“This project is unnecessary,” said Michael Hopps, Camwood Trail. Hopps said there is no evidence the septic systems are doing any damage to the water table. “We don’t want this service. We don’t need this service.”
Hopps noted the city did work to cut the costs down. He asked the council to reconsider this project. He questioned whether it was a good expenditure of the city’s funds and said it wasn’t going to add anything to the value to the individual properties. “Let’s make it a community effort, If they go through with this thing, let’s sue them,” Hopps said, suggesting a class action lawsuit with residents banding together in opposition. “It’s suing ourselves, but we have to do ourselves justice.”
Beth Passi said Hopps is a good man, but she didn’t think he represents everyone in the community. “We did elect these people. We had a choice when we elected our city council and we elected them because we thought they’d represent us the best they could. And I wish we could not be as angry at them as we are because I think they are trying really hard.”
Council member Connie Lyscio said she has heard several times about the inability to fight city hall and that it was a “you against us” issue.
“I don’t feel like I am fighting against you. I feel I am hopefully doing something for you and us,” Lyscio said, adding she heard her previous comments came across as flippant at a previous meeting. She apologized saying the thought she puts into her votes is anything but flippant. Lyscio said changes made, such as extending the hookup time, were a step in the right direction. Lyscio said she also understands $15,000 is a lot of money. “Speaking for myself I am not set on a decision. … We are in this with you. I feel everything you are saying and I hear everything you are saying.”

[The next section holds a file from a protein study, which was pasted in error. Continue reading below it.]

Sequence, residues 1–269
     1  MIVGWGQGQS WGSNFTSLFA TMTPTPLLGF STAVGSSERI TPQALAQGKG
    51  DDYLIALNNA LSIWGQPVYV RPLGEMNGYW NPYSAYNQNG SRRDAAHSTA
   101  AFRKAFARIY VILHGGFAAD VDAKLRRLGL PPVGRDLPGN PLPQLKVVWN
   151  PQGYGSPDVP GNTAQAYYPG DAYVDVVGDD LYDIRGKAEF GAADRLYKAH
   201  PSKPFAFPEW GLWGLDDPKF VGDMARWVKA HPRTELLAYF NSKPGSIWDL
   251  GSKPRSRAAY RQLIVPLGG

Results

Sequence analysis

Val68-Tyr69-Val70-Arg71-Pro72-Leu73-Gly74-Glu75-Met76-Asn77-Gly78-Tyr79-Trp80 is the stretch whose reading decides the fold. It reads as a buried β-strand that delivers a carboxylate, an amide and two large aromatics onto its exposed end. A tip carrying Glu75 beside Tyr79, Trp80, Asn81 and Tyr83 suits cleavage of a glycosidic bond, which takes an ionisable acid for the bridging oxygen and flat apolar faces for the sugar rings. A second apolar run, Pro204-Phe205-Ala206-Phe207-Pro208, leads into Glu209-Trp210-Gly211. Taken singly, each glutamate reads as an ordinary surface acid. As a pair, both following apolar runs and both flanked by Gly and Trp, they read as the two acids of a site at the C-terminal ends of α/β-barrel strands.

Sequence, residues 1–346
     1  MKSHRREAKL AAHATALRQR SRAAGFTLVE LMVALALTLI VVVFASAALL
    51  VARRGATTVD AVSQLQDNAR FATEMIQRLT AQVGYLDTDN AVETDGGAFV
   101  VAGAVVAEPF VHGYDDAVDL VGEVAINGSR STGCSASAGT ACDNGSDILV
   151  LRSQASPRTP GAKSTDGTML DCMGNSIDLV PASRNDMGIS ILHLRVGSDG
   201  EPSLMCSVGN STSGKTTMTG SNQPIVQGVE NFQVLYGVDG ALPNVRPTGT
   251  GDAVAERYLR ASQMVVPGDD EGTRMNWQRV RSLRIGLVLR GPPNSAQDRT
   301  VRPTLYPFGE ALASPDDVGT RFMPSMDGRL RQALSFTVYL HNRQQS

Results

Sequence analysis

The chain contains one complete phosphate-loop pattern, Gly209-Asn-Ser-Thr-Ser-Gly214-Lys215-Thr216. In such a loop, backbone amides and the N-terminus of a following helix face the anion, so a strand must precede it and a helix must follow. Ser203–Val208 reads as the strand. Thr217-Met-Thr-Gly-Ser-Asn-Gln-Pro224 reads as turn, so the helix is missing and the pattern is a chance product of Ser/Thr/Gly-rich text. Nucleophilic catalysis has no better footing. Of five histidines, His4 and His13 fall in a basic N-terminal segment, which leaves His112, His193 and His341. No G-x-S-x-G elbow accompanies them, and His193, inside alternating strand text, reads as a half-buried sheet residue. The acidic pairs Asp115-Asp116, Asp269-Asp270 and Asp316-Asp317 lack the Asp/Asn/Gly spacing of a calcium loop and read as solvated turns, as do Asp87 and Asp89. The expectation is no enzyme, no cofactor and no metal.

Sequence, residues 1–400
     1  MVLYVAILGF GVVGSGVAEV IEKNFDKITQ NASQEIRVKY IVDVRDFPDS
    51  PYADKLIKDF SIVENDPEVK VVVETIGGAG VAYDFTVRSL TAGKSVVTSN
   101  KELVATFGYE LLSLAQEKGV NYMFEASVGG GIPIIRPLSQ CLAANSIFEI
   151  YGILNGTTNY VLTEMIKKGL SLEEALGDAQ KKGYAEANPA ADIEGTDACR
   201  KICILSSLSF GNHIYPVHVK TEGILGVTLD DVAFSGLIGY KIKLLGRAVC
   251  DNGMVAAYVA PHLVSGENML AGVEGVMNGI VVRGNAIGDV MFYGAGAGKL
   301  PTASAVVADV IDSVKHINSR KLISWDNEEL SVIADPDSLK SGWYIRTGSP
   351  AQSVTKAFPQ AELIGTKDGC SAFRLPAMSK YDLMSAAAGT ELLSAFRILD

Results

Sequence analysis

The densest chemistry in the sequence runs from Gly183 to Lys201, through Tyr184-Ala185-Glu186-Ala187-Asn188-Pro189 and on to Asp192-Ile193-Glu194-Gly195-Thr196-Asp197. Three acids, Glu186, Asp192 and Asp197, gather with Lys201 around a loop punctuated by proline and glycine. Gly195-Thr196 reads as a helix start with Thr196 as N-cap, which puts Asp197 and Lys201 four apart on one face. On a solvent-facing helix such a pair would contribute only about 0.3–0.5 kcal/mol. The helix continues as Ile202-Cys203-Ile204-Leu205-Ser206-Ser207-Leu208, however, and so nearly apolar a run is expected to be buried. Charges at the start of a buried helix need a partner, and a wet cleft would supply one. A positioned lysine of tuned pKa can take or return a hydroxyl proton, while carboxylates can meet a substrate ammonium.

Mayor Darrel Olson said the purpose of the meeting was to provide information and hear from residents with no goal to fight or argue with those attending.
“The idea was to hear what you had to say. …” Olson said. “I do want to say something though that it is very difficult as a council person to know exactly what do people want. There are 240 parcels out there and we’ve had maybe 50 people show up.”
Olson said he’s had calls from people who are in favor of the project but noted people who are for things don’t usually come to the meeting. The people who are against something do and Olson said he didn’t mean that critically, but that it is just what happens. Are 40-50 people representative of the entire area? he asked.
“We heard what you had to say and we appreciate your coming and your input,” Olson said.
The city will consider ordering the project and moving forward with it at its Nov. 5 council session and could order preparation of plans and specifications.